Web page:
AstroPhysics Group Research
The AstroPhysics Group at Shepherd is involved in several areas of research,
and has published and presented multiple works in the following areas.
RESEARCH SYNOPSIS: The Group's research attempts to address two
fundamental problems in cosmology:
- On the largest scales, the Universe is believed to be everywhere
homogeneous and isotropic: this is the Copernican cosmological
principle. It is evidentially verified by such observations as the
isotropy of the cosmic microwave background, the x-ray background, and
the number counts of radio sources. However, on smaller scales,
the universe is certainly not homogeneous: galaxies are observed to be
distributed not at random, but clustered with respect to each other.
Any theory of structure formation must take this disparity on multiple
scales into account.
- For some time it has been known that the morphological
fractions of ellipticals, lenticulars, and spirals are
related to the density of the environment.
The fraction of ellipticals ranges from less
than 10% in the lowest density environments to more than
50% in the centers of galaxy clusters. It is still not
apparent whether this is a result of conditions
conducive to formation of a particular morphological type
(nature) or to an evolutionary process (nurture).
The particular behavior of astronomical clustering on multiple scales
suggests that the concepts of fractal geometry
may apply. The modern motivation for fractal geometry may best be
summed up by this quote of Benoit Mandelbrot: ``Mountains are not
cones, clouds are not spheres, coastlines are not circles, and bark
is not smooth, nor does lightning travel in a straight line''.
Fractals are, in simplest terms, objects which are (approximately)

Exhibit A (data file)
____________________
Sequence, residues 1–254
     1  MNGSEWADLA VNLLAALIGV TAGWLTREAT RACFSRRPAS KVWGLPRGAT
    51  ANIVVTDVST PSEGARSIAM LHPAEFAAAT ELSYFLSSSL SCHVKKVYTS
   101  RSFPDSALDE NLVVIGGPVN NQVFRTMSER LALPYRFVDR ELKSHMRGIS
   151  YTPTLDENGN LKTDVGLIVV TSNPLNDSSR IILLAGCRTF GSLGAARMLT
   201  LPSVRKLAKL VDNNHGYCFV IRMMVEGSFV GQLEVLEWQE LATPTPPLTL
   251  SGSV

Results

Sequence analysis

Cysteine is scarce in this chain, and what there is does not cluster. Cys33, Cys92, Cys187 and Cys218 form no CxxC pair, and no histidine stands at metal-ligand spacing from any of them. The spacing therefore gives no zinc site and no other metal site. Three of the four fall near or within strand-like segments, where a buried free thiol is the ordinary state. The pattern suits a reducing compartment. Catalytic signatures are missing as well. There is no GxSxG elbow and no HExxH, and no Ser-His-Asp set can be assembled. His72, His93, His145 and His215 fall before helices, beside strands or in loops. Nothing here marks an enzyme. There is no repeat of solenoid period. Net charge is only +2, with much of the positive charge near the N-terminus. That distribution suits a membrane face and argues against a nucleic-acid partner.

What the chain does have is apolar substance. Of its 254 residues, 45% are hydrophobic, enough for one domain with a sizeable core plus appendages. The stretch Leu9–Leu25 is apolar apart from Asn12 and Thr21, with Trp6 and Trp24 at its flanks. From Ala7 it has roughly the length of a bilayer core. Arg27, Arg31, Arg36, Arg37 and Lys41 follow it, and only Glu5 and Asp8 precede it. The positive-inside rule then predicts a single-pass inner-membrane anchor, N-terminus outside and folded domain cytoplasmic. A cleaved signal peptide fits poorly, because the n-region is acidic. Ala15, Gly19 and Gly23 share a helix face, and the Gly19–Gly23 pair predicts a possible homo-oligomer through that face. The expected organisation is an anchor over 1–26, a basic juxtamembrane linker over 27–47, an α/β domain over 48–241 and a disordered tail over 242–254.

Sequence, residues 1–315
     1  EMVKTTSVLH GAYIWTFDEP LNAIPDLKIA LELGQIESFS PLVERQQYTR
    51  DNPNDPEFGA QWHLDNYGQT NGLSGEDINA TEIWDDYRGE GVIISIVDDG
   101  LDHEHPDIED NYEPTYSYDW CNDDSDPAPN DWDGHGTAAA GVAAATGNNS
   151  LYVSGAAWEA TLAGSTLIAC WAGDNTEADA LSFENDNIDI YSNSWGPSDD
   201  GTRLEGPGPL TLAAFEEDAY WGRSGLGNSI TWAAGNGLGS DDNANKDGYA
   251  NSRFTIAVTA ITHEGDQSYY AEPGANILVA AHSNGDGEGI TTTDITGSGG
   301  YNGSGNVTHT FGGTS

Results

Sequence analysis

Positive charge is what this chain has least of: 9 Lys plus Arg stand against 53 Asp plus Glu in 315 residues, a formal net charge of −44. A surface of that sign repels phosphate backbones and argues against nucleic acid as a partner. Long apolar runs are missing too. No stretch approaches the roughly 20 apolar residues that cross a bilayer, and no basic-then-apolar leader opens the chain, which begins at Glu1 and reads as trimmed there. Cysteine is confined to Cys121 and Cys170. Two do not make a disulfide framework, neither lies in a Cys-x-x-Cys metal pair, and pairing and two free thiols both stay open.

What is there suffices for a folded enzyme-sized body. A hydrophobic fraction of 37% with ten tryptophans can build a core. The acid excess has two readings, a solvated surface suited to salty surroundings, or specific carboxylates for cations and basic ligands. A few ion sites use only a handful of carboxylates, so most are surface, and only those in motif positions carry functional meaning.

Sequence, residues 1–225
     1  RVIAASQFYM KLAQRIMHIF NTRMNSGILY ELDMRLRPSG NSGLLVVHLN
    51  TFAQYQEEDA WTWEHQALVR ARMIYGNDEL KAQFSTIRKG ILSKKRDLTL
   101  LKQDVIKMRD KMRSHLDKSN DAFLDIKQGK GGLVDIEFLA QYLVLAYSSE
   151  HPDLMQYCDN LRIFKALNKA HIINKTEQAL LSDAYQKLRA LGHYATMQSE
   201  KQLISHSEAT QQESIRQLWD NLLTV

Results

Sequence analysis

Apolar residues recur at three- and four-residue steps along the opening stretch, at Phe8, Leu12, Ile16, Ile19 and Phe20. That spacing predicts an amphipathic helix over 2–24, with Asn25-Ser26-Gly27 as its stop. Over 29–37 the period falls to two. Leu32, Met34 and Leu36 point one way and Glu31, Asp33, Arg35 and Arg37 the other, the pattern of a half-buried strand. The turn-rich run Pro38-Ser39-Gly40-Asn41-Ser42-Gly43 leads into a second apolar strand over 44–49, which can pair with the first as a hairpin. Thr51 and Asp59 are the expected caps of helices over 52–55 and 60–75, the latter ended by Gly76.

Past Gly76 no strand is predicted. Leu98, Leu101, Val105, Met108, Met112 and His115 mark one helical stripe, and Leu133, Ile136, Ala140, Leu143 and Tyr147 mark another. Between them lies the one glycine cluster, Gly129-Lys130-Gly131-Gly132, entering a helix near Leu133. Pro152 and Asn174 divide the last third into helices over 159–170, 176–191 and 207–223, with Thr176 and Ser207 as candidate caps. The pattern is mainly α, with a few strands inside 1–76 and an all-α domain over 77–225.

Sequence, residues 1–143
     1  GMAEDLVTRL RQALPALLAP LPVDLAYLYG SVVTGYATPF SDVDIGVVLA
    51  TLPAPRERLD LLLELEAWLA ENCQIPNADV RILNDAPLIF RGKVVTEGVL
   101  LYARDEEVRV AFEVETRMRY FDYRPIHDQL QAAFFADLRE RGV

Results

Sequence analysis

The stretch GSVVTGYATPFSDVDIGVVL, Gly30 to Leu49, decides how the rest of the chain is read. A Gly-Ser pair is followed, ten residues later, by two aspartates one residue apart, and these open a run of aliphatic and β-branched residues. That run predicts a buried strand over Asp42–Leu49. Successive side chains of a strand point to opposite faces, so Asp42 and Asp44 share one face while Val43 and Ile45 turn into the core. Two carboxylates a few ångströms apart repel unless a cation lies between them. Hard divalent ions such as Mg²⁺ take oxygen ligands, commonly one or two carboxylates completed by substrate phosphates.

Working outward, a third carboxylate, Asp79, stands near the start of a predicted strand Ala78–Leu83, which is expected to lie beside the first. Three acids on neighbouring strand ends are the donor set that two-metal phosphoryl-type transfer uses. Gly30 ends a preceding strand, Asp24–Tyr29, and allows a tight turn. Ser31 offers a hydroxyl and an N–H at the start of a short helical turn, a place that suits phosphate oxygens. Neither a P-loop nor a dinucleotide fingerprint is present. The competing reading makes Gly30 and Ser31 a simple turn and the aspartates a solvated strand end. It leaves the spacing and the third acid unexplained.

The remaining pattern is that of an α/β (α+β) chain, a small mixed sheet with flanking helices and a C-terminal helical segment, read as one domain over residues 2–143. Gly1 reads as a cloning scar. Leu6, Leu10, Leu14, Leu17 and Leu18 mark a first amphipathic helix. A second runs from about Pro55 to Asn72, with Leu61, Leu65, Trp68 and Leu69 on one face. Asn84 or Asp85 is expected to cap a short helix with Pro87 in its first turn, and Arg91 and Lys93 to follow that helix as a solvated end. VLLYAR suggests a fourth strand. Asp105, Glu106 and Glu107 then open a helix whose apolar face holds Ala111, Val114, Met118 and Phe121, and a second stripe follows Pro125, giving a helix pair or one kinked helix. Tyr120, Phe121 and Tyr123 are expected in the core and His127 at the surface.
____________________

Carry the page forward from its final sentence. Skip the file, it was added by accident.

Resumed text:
self-similar on all scales.
The research focuses on the use of the pointwise dimension
(which is based on fractal geometry) to understand both the large-scale
structure of the universe and the connection between galaxy morphology
An Examination of the Large-Scale Clustering
of the Las Campanas Redshift Survey
RESEARCH SYNOPSIS: Our expanded facilities allow us to provide research opportunities for
students in a number of observational fields. A collection of images can
be found at the Shepherd University Observatory's dedicated website.
FOR MORE INFORMATION:
Shepherd University Observatory
RESEARCH SYNOPSIS: Keeping an eye to the past allows us to better
understand the developments leading to the present state of the
and gives us a more confident position from which to direct future
efforts in astronomy. The Group is currently working on
a long-term study and critique of historical developments in astronomical
thought in the 16th and 17th centuries, and the applications
in modern astronomical education.
Copernicus's Neglected Successor (Mercury)
RESEARCH SYNOPSIS: Three-dimensional simulations and visualizations
of astronomical data are invaluable to the astronomer. Seeing
astronomical objects in three dimensions (as opposed to the two
dimensions our sky limits us to) allows visual evaluations and
facilitates clearer and deeper understandings of the physical
situations underlying the results of mathematical analyses. We use an
SGI O2 workstation on-site on which we develop our models. We also have
remote access to ImmersaDesk and CAVE (CAVE Automatic Virtual
Environment) hardware and software.
A Java 3D visualization application for research use in astronomy
(Journal of Computing Sciences in Colleges)